Who Should Win the AL Cy Young Award?
On Tuesday, the Baseball Writers Association of America released their finalists for the 2014 awards. In the AL, starting pitchers Felix Hernandez, Corey Kluber and Chris Sale were announced as finalist for the AL Cy Young. All three pitched outstanding this year, and while the winner won't be announced until November 12, let's break down who should win the AL Cy Young.
None of the pitchers guided their team to the playoffs, so the writers won't give any advantage there. Both Kluber's Indians and Hernandez' Mariners were in the hunt until the end, but neither team could pull it out. In the end, the writers should be voting purely based on each pitchers' performance, so let's take a look at how some of their numbers break down.
All three put up spectacular numbers. Hernandez leads the trio in innings pitched (IP), earned run average (ERA), and expected fielding independent pitching (xFIP), but was weaker from a strikeout per nine innings (K/9) perspective. Kluber bests Sale and Hernandez in fielding independent pitching (FIP), while Sale leads the three in strikeouts per nine innings. Even so, the differences between the three are so minute that it's too close to call. Let's take a look at where they ranked among AL Starters in these categories.
Immediately what jumps out is that, in just about every category, Kluber, Hernandez and Sale are the top three pitchers in the AL, or at least in the top five. The only category where none of them made the top five was in walks per nine innings. But taking a look at innings pitched, Sale's rank jumps out. While Hernandez and Kluber are one and two, Sale's 30th in the AL. Due to injury, Sale pitched more than 61 innings less than Kluber and Hernandez.
And that's where it really becomes a two-horse race. Although Sale's numbers stack up well against the other two, he pitched more than 60 fewer innings. Who knows how he would have held up? Would he have been able to keep up? Had he, Sale might have been the favorite for the Cy Young, instead, he's just a finalist and more than likely not to win the award.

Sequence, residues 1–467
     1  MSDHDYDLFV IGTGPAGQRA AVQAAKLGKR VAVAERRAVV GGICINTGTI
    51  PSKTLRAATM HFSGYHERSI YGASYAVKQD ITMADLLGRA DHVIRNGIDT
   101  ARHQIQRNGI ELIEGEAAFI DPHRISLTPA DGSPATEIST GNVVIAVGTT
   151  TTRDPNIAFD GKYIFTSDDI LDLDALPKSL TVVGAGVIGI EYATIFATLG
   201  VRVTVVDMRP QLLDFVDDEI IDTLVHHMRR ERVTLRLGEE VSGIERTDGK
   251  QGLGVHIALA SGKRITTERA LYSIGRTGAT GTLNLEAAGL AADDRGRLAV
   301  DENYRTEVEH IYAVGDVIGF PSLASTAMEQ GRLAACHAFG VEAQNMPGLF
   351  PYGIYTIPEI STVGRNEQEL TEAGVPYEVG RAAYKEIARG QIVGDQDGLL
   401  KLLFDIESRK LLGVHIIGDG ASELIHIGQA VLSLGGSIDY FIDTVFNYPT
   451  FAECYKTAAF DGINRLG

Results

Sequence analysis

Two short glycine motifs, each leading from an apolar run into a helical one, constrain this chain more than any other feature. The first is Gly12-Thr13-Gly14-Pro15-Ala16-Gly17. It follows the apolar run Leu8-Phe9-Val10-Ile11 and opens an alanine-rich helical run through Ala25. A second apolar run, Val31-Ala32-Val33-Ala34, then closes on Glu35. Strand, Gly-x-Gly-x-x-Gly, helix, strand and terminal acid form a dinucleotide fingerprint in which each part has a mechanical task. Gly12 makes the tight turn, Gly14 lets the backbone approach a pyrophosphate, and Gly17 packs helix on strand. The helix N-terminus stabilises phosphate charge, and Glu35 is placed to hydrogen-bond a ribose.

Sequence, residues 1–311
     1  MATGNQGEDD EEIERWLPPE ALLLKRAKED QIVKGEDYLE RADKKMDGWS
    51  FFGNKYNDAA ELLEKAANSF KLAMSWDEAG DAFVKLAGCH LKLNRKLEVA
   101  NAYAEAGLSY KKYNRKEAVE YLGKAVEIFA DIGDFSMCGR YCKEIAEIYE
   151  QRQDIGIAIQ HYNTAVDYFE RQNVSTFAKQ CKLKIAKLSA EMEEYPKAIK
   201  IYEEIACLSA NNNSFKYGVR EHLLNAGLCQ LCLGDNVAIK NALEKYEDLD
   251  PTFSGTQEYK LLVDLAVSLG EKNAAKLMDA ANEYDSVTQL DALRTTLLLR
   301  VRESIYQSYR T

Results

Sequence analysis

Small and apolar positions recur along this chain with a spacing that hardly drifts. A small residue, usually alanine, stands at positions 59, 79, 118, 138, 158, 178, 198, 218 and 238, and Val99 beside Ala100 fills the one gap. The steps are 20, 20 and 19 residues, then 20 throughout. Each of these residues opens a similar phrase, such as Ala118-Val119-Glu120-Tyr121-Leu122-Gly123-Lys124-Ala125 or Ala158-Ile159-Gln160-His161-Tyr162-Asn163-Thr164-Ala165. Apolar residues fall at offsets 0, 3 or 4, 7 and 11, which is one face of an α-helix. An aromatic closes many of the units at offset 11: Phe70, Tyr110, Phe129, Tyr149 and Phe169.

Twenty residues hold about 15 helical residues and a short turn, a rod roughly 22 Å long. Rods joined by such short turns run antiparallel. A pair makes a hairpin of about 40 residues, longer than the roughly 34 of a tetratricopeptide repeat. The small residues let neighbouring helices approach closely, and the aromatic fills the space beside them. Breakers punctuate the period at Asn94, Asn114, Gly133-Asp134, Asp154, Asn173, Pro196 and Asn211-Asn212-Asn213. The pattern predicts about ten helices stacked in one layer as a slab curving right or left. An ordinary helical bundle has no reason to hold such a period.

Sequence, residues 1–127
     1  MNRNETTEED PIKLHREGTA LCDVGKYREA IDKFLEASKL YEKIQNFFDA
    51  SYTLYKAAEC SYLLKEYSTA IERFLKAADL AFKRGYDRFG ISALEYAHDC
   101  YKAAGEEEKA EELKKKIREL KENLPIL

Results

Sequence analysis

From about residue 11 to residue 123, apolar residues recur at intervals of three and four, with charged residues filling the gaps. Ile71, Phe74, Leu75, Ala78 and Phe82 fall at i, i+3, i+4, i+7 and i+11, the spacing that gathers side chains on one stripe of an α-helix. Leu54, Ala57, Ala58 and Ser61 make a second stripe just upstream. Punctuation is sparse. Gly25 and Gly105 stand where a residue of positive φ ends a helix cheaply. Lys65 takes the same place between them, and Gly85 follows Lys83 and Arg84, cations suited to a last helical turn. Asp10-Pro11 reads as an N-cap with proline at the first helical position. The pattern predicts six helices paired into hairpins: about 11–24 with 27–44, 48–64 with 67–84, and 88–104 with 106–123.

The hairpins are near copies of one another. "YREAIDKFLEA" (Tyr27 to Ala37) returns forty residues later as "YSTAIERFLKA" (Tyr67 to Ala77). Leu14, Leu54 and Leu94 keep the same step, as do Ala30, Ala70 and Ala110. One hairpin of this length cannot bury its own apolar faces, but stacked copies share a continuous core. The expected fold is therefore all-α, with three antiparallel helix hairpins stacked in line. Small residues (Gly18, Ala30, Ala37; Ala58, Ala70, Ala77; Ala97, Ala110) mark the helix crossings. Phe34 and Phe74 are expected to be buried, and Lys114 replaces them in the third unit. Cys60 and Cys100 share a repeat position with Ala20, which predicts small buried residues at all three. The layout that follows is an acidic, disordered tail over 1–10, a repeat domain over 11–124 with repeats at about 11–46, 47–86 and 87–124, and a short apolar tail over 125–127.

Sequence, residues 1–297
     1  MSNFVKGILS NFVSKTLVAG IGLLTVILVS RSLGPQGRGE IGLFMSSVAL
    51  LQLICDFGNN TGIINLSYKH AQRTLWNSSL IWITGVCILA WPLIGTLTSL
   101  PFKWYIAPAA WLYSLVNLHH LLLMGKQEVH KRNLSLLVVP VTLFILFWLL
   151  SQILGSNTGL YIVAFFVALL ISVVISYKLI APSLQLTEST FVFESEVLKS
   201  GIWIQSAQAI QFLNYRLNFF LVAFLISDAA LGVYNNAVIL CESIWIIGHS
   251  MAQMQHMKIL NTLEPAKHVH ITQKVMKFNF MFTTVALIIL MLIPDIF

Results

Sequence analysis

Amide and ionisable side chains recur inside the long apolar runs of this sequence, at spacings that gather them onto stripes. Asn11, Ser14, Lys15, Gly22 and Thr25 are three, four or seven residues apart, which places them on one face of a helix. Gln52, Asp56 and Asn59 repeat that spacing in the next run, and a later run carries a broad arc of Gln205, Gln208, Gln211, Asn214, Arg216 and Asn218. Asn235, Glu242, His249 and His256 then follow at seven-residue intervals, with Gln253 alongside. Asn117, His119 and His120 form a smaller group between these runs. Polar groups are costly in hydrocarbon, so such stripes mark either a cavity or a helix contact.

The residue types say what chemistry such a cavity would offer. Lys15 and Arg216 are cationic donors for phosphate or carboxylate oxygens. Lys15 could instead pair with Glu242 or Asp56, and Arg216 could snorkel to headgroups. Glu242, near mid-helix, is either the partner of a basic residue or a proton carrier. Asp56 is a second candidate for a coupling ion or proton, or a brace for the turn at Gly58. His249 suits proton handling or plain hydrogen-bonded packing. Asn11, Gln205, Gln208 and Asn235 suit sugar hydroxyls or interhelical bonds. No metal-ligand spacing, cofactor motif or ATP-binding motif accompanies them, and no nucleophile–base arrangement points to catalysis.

So it's down to Kluber and Hernandez. But their numbers are too close to give the Cy Young to either just yet. Taking a look at their opponent batting average, Hernandez limited hitters to a .197 average, while Kluber held opponents to just .232. But Hernandez was also luckier than Kluber, with a .258 batting average on balls in play (BABIP), while Kluber was unlucky, with a .316 BABIP.
And while Hernandez had the seventh-ranked defense in the AL playing behind him, Kluber had the second-worst defense in the AL behind him. The Indians were the worst in the MLB with 116 errors, while the Mariners only committed 82, good for second best in the MLB, and best in the AL. It's astonishing Kluber was able to pitch so well with a poor defense behind him. Kluber leads Hernandez in strikeouts, 269 to 248, but Hernandez gave up fewer walks, 46 to 51. And in terms of WHIP, walks plus hits per inning pitched, Hernandez leads Kluber, 0.96 to 1.09. Kluber also had more wins, 18 to Felix's 15, but more losses as well, 9 to 6.
But still the race is too close to call. Kluber and Hernandez are neck and neck. So let's take a look at their analytics to see who was more valuable over the course of the season.
Based on the sabermetrics, it seems like Kluber was the better pitcher. He leads Hernandez in both FanGraphs' Wins Above Replacement (fWAR) and Baseball Reference's Wins Above Replacement (bWAR). He also leads Hernandez in nERD, numberFire's metric which measures the number of runs prevented by a pitcher compared to the league average on a per game basis. In fWAR, bWAR and nERD, Kluber easily bests Hernandez.
ERA-, FIP- and xFIP- measure how good a pitcher was in relation the league average, where 100 is league average. Both were over 30 percent better than the league average in every category, but Hernandez best's Kluber in ERA-, Kluber bests him in FIP-, partially due to the difference in defenses behind them.
In a really tight race, Kluber and Hernandez are neck and neck in just about every category. Both pitchers deserve the award, and to pick between the two is almost splitting hairs. But in the end, only one pitcher can hoist the trophy and it has to come down to who was more valuable based on the three main, all-inclusive metrics, fWAR, bWAR and nERD. And Kluber bested Hernandez in all three.
Corey Kluber was a more valuable pitcher and a better pitcher overall, and therefore should win the AL Cy Young.